So I hereby propose that collectively we pat each other on the back. That collectively we remind each other what an amazing job we are doing muddling our way through motherhood (and the rest of life). That collectively we stop giving so much of a shit when we feel like we dropped a ball, or two, or all of them. And that we are able to look ourselves, and each other, in the eye and remind ourselves that we are. Actually. Fucking Amazing.

The Moonwalk in Memory of Mum

One of the things I love the most about Body Beyond Baby is the community of amazing and supportive women it brings together.  Women who are all exploring their way through motherhood, have great big hearts and know they need to move!

I’d like to introduce you to one of these women. Jo shared her story with us around what she is embarking upon and why at the start of one of our training sessions a few weeks ago. It hit me in the heart immediately and I knew we had to do our bit in sharing her story and supporting what she is up to.

I’ll let Jo tell her story:

“I’m Jo, Mum of two boys and Midwife (the best job in the world). I live my life passionately and with my heart firmly embellished onto my sleeve, it’s a trait that has taken me on a rollercoaster journey experiencing gracious highs and gut wrenching want to stop and get off and leave it all behind lows.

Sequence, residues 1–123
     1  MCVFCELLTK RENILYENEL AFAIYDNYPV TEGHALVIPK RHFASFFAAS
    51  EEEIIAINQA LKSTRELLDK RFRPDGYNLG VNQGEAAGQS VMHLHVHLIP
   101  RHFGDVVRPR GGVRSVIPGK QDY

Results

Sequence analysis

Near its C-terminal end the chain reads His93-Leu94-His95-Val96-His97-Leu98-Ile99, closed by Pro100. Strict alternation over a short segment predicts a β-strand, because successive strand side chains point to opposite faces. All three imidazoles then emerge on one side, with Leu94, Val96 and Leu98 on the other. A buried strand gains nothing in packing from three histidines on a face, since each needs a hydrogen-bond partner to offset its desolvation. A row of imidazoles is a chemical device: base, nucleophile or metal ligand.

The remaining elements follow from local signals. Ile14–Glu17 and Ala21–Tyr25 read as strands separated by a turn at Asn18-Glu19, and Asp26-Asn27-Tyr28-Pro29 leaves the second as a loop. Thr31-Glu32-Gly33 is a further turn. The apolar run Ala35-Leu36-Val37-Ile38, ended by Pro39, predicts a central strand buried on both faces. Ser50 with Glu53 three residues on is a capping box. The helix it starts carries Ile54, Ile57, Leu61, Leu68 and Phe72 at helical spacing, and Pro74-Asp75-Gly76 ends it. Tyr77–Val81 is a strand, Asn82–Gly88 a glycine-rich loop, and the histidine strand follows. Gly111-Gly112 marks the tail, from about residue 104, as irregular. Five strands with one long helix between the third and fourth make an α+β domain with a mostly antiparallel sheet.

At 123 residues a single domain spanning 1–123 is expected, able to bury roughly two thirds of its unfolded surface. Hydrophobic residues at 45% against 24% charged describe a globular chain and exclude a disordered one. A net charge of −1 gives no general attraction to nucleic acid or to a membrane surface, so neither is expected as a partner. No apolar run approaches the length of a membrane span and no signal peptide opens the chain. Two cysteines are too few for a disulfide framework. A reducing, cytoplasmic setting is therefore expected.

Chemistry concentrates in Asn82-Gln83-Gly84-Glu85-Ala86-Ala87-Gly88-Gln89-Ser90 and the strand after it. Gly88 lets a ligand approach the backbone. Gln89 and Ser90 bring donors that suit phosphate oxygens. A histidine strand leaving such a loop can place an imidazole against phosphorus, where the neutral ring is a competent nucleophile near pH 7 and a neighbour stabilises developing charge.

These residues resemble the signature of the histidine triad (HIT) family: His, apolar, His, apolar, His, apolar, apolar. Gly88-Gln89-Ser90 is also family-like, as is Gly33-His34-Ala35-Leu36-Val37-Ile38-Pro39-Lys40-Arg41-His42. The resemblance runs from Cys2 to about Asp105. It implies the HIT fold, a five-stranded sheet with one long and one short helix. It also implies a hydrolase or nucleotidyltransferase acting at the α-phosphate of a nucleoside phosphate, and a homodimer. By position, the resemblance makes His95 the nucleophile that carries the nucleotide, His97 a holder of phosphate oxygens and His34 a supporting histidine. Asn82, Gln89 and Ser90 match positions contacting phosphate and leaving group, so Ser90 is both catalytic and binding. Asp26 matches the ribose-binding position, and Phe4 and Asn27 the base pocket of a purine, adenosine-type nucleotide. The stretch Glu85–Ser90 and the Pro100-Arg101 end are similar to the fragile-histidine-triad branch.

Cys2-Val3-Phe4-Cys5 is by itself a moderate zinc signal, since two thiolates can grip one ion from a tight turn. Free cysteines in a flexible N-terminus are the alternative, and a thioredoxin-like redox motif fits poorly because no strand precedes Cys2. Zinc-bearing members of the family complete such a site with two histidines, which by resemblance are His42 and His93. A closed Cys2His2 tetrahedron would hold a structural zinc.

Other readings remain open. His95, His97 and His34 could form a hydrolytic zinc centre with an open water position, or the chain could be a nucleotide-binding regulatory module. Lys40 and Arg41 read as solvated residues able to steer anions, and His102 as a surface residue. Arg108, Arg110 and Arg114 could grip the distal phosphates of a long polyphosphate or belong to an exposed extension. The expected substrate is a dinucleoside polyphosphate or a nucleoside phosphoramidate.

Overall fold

I’m in a good place right now and I’m excited because I’m putting demons to bed.

Jo & her mum captured in the photograph on the wall on her wedding day

In 1996 on my 20th Birthday my Mum was diagnosed with breast cancer that had spread to her bones and liver. I remember every single thing about that birthday like it is a movie in my head. We had spaghetti bolognaise for tea. I don’t remember blowing out the candles on my cake.